On April 23, 2009, the California Air Resources Board (CARB) approved the first low-carbon fuel standard (LCFS) in the nation. Designed to help meet the greenhouse gas emission (GHG) targets established by the Global Warming Solutions Act (AB 32), beginning in 2011, the regulation requires producers and importers of transportation fuel to reduce the average carbon content of fuel sold in California on an annual basis, with a total reduction of at least 10 percent by 2020.
Fuels and Providers Subject to the Regulation
The LCFS applies to most types of transportation fuels sold in California, including gasoline, diesel, biofuels, natural gas, hydrogen, and electricity. Specific alternative fuels that inherently meet the applicable standards through 2020, including electricity and hydrogen, are not required to meet the LCFS requirements, but producers or importers can opt into the LCFS in order to obtain the right to generate credits under the regulation. Certain research fuels and low volume niche fuels are exempt entirely.
As a general rule, the LCFS regulates upstream producers and importers, not downstream distributors and fueling stations. However, in certain circumstances, a regulated party can transfer its compliance obligations, together with the right to generate and sell credits, to another party.
The LCFS goes into effect in 2010, but the first year is a reporting year only. According to CARB, this "break in" year is designed to allow regulated parties and staff time to adjust to the technical requirements of the LCFS and identify aspects of the LCFS that require improvement.
Beginning in 2011, regulated parties must meet an average declining carbon intensity standard. Separate standards are established for gasoline and diesel, with reformulated gasoline mixed with corn-derivative ethanol at 10 percent by volume the baseline for gasoline and low sulfur diesel fuel the baseline for diesel. The carbon intensity of biofuels, natural gas, hydrogen and electricity will be measured against either the gasoline or diesel standard, depending on the vehicles such alternative fuels are used in.
Regulated parties can comply with the LCFS by demonstrating that the average carbon intensity of the mix of fuel they produce or supply in California during a particular year does not exceed the LCFS standard for that year, or by applying LCFS credits acquired during previous years or from other regulated parties within the LCFS market. The development of a market for trading such credits is seen as an opportunity to promote the development of low-carbon fuels in California through market-based incentives.
The carbon intensity standards are back-loaded, with gradual reductions in the early years, and accelerating reductions as 2020 approaches. CARB noted that this approach will allow for the development of new technologies to satisfy the LCFS requirements over time, but some critics have suggested that such new technologies may not prove viable alternatives, and that regulated parties will have no option to comply with the LCFS without a significant increase in fuel costs in California.
Determination of Carbon Intensity Values
In order to compare the carbon content of the various regulated fuels, the LCFS establishes carbon intensity values, which measure of GHG emissions per unit of fuel energy delivered. Since the goal of the regulation is to reduce overall GHG emissions, the carbon intensity values are determined on a "lifecycle" basis – also known as "well-to-wheels" for petroleum-based fuels, and "seed-to-wheels" for biofuels – which considers GHG emissions associated with each step of the production, transportation and use of the fuel.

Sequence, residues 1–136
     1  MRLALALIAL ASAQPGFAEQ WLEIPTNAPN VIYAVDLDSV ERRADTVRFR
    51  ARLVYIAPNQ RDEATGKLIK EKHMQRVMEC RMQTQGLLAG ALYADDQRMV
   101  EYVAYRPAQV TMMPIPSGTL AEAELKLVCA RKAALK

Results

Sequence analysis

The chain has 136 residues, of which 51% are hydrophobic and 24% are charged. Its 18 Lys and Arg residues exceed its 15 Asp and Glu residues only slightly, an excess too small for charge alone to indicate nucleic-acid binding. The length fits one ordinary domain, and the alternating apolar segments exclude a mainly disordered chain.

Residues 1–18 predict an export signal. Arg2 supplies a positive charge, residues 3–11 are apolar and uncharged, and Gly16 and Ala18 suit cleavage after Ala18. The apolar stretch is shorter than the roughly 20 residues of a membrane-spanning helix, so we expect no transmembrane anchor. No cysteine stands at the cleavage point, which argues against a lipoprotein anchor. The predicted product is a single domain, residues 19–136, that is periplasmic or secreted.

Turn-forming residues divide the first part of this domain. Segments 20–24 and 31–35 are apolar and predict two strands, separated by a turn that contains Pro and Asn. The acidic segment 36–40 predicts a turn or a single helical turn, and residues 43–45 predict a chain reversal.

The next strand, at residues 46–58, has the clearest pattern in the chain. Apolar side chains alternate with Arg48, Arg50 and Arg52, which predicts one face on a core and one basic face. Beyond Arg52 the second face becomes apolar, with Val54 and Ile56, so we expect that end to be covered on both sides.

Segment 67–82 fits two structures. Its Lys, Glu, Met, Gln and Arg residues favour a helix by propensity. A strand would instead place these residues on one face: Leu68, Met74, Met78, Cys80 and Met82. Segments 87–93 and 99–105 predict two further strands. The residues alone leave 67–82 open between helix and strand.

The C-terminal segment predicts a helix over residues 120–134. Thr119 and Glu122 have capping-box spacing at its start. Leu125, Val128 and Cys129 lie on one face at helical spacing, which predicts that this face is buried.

One of the more controversial aspects of the LCFS, this lifecycle analysis considers not only direct emissions during the full lifecycle, but also significant indirect emissions. While CARB notes the possibility that most or all transportation fuels generate varying levels of indirect GHG emissions, CARB staff has identified only one indirect effect as a significant contributor to GHG emissions: land use changes triggered by increasing demand for biofuels. According CARB, increased dedication of farmland to biofuel production leads to the conversion of non-farmland for agricultural production, which in turn leads to increased GHG emissions from lost cover vegetation and disturbed soils.
Some industry groups have objected that the indirect land use component unfairly penalizes certain biofuel producers – particularly corn-based ethanol producers – by inaccurately estimating GHG emissions from land use changes associated with biofuel production. Meanwhile, some environmental groups have argued that the estimate of GHG emissions from such land use changes are actually understated.
As a result of the controversy surrounding the indirect land use component, CARB directed staff to form an expert workgroup to assist in evaluating and refining the land use and indirect effect analysis on an accelerated basis. This review could result in changes to the indirect analysis before reductions are required, beginning in 2011.
Potential Impact on other Jurisdictions
The newly-adopted LCFS may have impacts far outside California's borders. A coalition of Northeastern states have agreed to develop a plan to adopt a low-carbon fuel standard by the end of the year, and a group of Midwestern states are also considering similar policies. A federal standard is also possible. The environmental group at Sheppard Mullin is well positioned to help you understand the potential impacts on your business, in California and beyond.